Earlier this year, I had the opportunity to attend the 2016 Bulletproof Biohacking Conference in Pasadena, Calif. What is "biohacking" you might say? Biohacking is the place where investigation, technology, and wellness converge. From where did this "biohacking" conference originate? On the face of it, this biohacking event is the outgrowth of an organization in Bellevue, Wash., based on the health and wellness discoveries of Dave Asprey, a former tech executive who coined the term "biohacking." Now 43, Asprey's aspirations began some 20 years ago as a rising tech executive with Citrix Systems, Blue Coat Systems, and Exodus Communications, and Trend Micro.
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By all definitions, Asprey was a Silicon Valley success. But, like many other tech players, he noted that his energy and health declined as his career accelerated. He had gained a massive amount of weight, ultimately reaching 300 pounds. Still, he forged forward. "I was one of the first people to sell anything on the internet," Asprey said, noting his success in selling t-shirts emblazoned with "Caffeine is my drug of choice" appeared alongside his photo, at 300 pounds, in a national tech magazine.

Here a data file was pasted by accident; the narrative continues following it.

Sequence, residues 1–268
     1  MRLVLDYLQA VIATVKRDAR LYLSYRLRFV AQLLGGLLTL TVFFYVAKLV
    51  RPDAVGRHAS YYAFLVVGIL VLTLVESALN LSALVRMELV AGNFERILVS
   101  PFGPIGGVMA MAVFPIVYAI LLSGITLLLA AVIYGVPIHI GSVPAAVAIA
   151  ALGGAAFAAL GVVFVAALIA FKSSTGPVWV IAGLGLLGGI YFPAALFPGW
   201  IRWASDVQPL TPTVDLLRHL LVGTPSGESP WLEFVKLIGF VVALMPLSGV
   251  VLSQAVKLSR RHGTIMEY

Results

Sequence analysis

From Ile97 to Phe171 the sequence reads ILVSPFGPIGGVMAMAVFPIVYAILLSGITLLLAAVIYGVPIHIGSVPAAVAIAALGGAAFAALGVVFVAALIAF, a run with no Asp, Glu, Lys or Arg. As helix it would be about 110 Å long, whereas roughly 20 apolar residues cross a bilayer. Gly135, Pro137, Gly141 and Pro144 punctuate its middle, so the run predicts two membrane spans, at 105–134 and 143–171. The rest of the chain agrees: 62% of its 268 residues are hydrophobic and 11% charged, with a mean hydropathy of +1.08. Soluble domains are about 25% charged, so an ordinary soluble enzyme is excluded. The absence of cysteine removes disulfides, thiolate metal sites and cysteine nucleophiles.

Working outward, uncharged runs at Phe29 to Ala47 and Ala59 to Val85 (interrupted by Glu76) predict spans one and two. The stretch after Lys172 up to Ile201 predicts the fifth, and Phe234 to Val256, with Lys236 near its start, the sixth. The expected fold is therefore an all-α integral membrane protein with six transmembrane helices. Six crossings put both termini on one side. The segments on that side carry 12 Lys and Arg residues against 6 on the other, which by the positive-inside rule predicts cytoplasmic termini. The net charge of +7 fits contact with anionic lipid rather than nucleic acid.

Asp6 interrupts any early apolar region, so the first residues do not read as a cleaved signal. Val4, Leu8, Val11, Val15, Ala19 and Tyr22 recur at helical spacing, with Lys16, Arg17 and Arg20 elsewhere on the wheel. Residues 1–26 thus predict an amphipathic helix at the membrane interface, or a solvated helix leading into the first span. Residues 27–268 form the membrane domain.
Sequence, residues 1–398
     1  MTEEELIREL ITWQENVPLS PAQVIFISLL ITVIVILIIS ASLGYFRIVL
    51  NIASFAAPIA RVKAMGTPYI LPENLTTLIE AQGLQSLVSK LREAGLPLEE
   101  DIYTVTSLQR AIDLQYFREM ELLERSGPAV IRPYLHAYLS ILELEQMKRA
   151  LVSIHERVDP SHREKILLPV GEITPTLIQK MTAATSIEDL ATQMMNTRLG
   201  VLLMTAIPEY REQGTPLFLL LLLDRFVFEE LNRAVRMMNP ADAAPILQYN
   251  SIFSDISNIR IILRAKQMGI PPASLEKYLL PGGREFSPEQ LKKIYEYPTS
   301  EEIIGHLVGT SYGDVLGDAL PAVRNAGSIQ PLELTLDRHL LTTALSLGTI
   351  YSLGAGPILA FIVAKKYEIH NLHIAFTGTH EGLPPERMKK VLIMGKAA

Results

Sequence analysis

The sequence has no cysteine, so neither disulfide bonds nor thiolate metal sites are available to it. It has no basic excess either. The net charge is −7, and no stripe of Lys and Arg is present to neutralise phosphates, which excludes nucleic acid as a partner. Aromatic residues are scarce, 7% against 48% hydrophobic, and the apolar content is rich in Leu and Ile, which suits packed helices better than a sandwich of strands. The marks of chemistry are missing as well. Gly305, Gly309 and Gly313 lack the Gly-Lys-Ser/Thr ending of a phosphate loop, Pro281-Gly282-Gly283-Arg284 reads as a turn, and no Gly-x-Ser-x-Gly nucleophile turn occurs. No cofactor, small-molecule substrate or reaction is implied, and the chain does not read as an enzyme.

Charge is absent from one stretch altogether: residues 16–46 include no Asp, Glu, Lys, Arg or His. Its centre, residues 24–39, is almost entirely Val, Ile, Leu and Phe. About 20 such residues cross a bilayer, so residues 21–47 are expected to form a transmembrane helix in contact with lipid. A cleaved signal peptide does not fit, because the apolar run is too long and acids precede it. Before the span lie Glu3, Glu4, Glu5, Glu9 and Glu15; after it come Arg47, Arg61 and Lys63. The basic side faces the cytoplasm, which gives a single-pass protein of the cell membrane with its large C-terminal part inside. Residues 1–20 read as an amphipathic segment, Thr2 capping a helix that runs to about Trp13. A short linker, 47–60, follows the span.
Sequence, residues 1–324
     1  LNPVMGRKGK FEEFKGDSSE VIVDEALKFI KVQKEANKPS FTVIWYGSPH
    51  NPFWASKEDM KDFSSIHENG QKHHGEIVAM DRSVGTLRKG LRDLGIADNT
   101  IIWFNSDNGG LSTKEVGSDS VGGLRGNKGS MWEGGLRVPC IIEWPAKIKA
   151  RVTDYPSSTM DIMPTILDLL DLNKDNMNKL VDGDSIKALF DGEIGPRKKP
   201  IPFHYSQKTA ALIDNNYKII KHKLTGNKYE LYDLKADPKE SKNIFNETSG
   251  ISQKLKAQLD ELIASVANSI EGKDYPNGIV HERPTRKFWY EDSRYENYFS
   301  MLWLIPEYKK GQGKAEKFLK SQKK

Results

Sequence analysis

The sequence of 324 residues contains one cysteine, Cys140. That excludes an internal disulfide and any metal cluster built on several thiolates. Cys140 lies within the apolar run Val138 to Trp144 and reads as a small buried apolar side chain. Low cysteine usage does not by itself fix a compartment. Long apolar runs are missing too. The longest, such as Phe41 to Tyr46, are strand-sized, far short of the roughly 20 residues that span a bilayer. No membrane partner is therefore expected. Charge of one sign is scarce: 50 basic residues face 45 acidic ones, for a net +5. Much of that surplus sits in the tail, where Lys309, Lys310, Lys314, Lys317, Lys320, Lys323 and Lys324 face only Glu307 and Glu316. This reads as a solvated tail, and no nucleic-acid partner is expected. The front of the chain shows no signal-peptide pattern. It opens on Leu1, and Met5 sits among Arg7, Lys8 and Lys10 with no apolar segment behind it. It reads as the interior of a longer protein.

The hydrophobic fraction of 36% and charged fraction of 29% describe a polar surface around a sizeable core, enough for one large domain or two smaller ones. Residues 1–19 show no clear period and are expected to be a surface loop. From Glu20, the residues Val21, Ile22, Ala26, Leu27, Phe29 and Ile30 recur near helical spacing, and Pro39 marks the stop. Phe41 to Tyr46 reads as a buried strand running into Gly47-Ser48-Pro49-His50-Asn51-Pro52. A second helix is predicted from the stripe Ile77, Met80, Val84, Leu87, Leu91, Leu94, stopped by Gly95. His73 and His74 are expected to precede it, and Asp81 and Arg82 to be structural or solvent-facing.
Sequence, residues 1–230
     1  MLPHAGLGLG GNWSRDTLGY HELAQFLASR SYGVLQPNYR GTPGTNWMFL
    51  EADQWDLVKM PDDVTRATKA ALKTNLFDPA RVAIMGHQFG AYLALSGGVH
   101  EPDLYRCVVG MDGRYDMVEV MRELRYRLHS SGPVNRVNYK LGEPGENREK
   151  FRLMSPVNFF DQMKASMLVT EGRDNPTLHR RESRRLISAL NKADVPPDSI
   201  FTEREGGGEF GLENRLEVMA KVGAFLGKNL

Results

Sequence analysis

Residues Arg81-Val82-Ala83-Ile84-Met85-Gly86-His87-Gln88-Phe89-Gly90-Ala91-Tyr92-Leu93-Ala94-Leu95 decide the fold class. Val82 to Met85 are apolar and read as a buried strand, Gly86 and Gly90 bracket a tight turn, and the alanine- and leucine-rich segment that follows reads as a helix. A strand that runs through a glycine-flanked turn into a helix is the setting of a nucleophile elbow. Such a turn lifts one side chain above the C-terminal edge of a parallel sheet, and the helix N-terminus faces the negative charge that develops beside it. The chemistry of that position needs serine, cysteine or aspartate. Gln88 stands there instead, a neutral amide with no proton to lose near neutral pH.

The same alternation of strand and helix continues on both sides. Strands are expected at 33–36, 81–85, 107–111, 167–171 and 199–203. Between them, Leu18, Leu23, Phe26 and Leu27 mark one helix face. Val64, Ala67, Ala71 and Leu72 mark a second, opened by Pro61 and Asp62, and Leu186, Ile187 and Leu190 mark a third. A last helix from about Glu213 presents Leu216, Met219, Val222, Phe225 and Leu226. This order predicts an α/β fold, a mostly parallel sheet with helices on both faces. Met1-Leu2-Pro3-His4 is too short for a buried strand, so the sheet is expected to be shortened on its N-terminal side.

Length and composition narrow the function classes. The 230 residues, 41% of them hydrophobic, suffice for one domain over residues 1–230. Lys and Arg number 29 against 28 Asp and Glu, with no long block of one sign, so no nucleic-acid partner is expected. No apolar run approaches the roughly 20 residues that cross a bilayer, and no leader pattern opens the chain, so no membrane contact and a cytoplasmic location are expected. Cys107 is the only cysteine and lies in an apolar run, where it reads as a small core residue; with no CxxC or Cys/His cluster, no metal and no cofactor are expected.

As Asprey's weight hit the crisis zone, he attacked his issue like an individual who is truly immersed in the beauty of tech. Asprey coined the term biohacking as he analyzed—with electrodes hooked up to his head—his body's responses to every known and unknown strategy for improving his fitness and wellness. Ultimately, he arrived at favorable answers (which you can read about in his New York Times bestseller "The Bulletproof Diet" or on his podcast interviews and blog articles at Bulletproof.com).
But here begins what is perhaps the even bigger discovery: that the concept of biohacking has taken on a life of its own. The 2016 conference (Asprey's fourth) welcomed more than 3,000 visitors. It included a trade show expo with 95 exhibitors and most of them involved tech. Wearable tech. Fitness monitors. A tech device called Muse that uses electroencephalography (EEG) tech to aid and support meditation. Sound and visualization therapies. New varieties of workout equipment to accomplish far-reaching goals (like the instant creation of an oxygen-deprived environment to mimic the effects of training at high altitude). One of the greatest aspects of launching products in an industry or category that hasn't existed before is the media opportunity it creates.
For example, consider Matt Riemann, an Australia-based founder who spoke at the conference and exhibited at the expo in support of ph360.me, his customized fitness application. The app is a "personalized health app" that addresses the fact that all fairly well-known "facts" about nutrition and fitness are unique to the situation and individual involved. "Tomatoes may be great for some individuals but might promote cancer in others," Riemann said. "Workout programs that are favorable in a warm, wet climate will have an entirely different outcome in a region that is cold and dry."